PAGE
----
What to look out for when buying a business

Consider this when buying a business | SA Men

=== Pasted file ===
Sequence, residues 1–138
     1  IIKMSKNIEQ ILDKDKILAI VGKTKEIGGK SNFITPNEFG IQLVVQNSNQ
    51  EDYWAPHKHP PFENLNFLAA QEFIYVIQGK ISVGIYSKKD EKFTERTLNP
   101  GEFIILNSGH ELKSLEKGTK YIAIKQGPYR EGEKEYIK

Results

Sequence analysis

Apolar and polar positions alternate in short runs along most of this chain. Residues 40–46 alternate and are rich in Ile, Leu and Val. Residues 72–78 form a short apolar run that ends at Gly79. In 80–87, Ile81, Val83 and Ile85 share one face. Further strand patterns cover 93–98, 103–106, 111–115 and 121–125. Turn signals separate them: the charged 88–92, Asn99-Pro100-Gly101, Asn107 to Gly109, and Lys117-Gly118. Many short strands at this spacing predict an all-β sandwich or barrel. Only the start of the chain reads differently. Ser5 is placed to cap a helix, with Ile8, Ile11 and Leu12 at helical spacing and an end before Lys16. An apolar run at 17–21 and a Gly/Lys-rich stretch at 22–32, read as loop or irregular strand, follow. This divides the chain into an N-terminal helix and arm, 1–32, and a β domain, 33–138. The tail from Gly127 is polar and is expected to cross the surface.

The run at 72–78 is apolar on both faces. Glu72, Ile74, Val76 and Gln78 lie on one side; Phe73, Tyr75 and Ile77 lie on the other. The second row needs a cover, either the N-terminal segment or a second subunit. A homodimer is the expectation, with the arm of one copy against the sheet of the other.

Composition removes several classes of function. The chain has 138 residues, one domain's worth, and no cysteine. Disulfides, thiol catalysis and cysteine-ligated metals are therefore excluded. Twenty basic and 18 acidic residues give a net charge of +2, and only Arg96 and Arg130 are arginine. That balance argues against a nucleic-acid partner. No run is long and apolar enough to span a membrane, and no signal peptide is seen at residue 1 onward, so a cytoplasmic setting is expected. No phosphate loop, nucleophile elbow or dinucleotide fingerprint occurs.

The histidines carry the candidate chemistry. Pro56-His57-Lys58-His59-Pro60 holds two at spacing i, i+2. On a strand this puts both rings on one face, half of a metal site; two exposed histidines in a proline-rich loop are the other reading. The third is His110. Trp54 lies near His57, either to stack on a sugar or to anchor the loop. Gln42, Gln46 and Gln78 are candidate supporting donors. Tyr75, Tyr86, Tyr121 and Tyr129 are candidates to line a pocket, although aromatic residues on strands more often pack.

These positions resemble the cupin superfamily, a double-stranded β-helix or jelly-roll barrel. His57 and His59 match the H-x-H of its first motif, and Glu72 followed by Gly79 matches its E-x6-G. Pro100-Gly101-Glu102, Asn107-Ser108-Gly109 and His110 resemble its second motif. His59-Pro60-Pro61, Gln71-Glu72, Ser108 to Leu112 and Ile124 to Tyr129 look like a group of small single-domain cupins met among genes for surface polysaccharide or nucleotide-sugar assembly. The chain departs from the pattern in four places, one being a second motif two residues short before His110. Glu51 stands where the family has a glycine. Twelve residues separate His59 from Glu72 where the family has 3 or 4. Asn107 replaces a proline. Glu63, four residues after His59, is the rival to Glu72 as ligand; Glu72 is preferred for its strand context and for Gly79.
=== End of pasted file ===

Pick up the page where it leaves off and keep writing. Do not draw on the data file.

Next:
Honestly, generally people don’t sell businesses that are doing well. If a business is really profitable, it would be silly to sell it. Rather have a manager look after the operations or something. Of course, occasionally people do have good reasons to sell their businesses, like retirement without an heir, emigration, death and chance whack-jobs who are just plain unthankful. So, generally, if you are looking into buying a business, be weary, be very weary. When you look for businesses to buy go with this idea in mind that whatever they will have you believe in the accounts, the business is probably much less profitable, if at all. With the knowledge that the seller is probably out to get you, you can evaluate the business from a new angle. This would be to have enough of a plan to turn the business around. Do you have enough knowledge of the industry? Do you have enough capital to carry you to a place of profitability? Do you like the business? Who are the competitors? Etc. There are a gazillion ways to determine the value of a business, but the method that I find most business brokers in South Africa use – especially for small businesses – is the price/earnings (P/E) valuation. The value of the average small business is the annual net profit times two. This means that if I were to buy a business for a million Rand today, I will have made my money back, in net profit, in two years. Well-known brands like Steers and McDonalds can ask as much as a P/E of five, because of the bankability of the brand and the relatively certain guarantee behind the name. And then there’s everything in between. Astute sellers will set the asking price at a higher price, say at a P/E of four. A bright buyer will, for instance, offer two, and everybody knows that they’ll settle on three after long, arduous negotiations. Naturally, there are many other ways to calculate the value of a business. There’s the value of raw material, stock that’s ready to be sold and other big assets that would influence the selling price, but most important to remember is that a R10 million machine that doesn’t make money is not worth much. At the end of the day, the business is worth what buyers are willing to pay for it. Once you’ve decided you can run this business, and you’ve signed the offer to purchase (subject to a thorough due diligence), it’s time to do some checks. Being an entrepreneur, you will be innately optimistic, looking for ways how this business can work. So take with you a negative, pessimistic accountant who will look for reasons not to buy the business. They will do the digging and find discrepancies in the accounts that will give you fodder to negotiate. Have the books scrutinised and compare it with the bank accounts and VAT returns of the business you intend to buy. Visit as many of the big clients the business claim to have and objectively view the value of the person and what impact the change in ownership/management will have in the business. One can find lists and lists of things to check in the due diligence through a simple online search, but for me, the most important thing to know is that the business is probably struggling and that you will have to burn the midnight oil to right the ship. Check the accounts and make sure that what they say is close to the truth and remember, whenever you spend less than R20 Million on a business, you are probably buying a job. So, if you are not ready to get your hands dirty, steer clear.